But his chances are further hampered by his conviction last year on charges filed by Mr. Sabry for having made an obscene gesture outside a Cairo courthouse. If Mr. Ali’s appeal, scheduled for March 7, fails, he will automatically be disqualified from the presidential race.

Critics say legal crusaders like Mr. Sabry are not only choking the precious little free speech that remains in Egypt, but are hurting one of Egyptians’ proudest attributes — their ability to laugh at themselves.

“We are the funny Arabs, the ones who take nothing seriously,” said Hafsa Halawa, a legal expert. “And now even that is disappearing.”

Mr. Sabry, for his part, relishes his role as moral enforcer. “People fear me,” he said.

He works from an eccentrically appointed office in Cairo’s old city crowded with dozens of tiny figurines, including Roman emperors, Abraham Lincoln, London beefeaters, and the Pope, as well as part of his collection of 3,400 toy cars, carefully arranged on a conference table.

He stays up late into the night, monitoring a giant television over his desk or prowling the internet on his iPad, looking for anyone he deems to have offended Egypt or Mr. Sisi. For research he turns to his archive: eight rooms filled with towering piles of newspapers and magazines, dating to the 1970s, that provide additional ammunition against his targets.

“Just in case I need to find out what they said previously,” he explained on a tour of the dust-filled chambers. “To expose their flip-flops.”

Such an intense pace of work leaves limited time with his wife, Mr. Sabry admitted, but he was never much of a romantic. “All this love and hand holding — enough,” he said. “She knows this is my passion. In any case I buy her gifts — diamond rings, a necklace and a BMW. It makes for a happy marriage.”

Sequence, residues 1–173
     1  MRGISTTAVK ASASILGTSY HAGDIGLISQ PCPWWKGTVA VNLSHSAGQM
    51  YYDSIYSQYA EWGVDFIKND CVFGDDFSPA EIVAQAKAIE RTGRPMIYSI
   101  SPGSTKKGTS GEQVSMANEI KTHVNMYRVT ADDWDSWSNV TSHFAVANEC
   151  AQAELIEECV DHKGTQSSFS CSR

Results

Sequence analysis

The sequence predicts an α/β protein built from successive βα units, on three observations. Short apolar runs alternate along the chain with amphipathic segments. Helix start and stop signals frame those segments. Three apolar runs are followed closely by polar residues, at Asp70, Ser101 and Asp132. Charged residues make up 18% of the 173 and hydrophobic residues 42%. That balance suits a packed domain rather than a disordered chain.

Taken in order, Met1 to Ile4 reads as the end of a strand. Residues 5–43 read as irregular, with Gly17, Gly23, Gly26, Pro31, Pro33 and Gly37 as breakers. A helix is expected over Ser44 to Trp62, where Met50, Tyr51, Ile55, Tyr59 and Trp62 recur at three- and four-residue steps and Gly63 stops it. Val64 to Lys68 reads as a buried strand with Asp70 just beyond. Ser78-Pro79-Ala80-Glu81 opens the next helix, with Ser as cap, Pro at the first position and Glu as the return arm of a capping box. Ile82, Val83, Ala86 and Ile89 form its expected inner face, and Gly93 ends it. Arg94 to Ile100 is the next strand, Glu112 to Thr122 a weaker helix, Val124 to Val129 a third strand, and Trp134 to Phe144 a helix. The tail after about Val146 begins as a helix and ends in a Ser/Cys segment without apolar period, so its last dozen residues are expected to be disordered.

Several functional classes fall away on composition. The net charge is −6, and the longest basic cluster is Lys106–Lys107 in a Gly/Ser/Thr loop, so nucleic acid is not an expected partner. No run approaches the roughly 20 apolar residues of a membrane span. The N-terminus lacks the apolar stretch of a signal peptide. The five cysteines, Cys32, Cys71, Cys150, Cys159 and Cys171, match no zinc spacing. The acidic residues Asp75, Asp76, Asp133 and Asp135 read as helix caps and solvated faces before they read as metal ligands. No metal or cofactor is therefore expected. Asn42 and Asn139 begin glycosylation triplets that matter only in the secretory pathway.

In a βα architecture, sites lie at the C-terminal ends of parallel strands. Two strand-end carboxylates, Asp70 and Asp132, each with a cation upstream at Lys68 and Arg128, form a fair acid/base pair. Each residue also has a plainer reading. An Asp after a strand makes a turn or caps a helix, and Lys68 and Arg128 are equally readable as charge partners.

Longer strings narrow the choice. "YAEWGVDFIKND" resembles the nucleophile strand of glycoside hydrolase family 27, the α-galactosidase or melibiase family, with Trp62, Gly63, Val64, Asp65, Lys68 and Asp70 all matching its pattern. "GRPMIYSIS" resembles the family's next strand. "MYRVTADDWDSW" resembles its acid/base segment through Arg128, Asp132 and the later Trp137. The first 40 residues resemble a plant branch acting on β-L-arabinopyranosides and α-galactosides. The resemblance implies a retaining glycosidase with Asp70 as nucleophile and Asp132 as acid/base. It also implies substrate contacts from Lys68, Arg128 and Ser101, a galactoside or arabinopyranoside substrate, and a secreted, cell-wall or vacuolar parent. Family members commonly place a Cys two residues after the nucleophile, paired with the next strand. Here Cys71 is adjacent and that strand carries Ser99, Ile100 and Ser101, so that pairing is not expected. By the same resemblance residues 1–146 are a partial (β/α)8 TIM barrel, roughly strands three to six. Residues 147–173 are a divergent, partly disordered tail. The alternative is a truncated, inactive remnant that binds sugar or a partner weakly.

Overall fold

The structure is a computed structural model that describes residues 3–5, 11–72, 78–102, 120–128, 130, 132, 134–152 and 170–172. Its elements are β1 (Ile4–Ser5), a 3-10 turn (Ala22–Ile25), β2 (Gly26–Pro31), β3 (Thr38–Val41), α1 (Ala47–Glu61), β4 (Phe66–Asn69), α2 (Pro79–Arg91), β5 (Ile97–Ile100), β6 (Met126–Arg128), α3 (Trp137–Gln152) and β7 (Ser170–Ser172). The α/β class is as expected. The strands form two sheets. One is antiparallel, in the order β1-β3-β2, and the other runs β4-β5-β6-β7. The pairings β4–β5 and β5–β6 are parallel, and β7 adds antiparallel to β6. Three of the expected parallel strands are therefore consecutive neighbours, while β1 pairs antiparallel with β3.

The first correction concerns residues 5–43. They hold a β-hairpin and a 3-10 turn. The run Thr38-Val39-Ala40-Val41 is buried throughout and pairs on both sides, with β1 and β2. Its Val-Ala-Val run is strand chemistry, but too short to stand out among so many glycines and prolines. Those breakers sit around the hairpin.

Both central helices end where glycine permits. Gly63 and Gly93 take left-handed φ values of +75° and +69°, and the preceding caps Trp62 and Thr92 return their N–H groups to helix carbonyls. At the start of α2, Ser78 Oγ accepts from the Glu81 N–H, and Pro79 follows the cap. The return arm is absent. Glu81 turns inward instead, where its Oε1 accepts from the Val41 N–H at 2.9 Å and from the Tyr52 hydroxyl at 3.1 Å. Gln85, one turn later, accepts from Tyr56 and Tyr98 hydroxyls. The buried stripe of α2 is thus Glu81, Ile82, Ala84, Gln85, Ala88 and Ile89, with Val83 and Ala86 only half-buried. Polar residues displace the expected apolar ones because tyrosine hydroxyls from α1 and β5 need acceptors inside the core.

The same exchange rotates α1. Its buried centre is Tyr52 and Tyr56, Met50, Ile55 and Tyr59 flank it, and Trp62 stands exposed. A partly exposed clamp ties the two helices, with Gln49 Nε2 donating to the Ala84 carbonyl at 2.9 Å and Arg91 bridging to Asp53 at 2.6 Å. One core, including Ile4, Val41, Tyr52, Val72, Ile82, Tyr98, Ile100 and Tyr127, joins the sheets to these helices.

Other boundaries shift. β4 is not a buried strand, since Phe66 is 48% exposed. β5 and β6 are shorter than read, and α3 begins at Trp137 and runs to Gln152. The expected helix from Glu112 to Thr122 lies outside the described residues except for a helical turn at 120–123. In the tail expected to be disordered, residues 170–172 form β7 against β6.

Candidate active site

His ardor for Mr. Sisi, though, is virtually boundless. Both men were born in nearby Gamaliyah, among the winding alleys of the old city, where Mr. Sisi’s father was a trader. When Mr. Sisi, then a general, came to power in 2013, Mr. Sabry said, he offered Mr. Sisi advice over drinks at the Heliopolis Club, and later interviewed him for a newspaper.

The resulting article, “General Sisi: Between Symbol and Legend,” is one of dozens framed in the hallway detailing Mr. Sabry’s exploits attacking enemies of Mr. Sisi.

Mr. Sabry went on to file hundreds of cases against the leaders of the Muslim Brotherhood, which Mr. Sisi’s military had ousted from power, and sought, unsuccessfully, to strip 113 Egyptians of their citizenship, including the opposition leader Mohamed ElBaradei and Wael Ghonim, a Google worker who played a prominent role in the Arab Spring protests of 2011.

“Any system has its trolls,” said Mr. Ghonim, now a senior fellow at Harvard’s Ash Center for Democratic Governance and Innovation. “That’s his way of being relevant.”

Mr. Sabry makes few bones of his disapproval for certain people. In 2015, he blocked a belly dancer named Sama al-Masry from running for Parliament on the basis of her profession. “It’s entirely unsuitable,” he said. He tried to shutter the Cairo operation of the British newspaper The Guardian, accusing it of spreading “fake news.”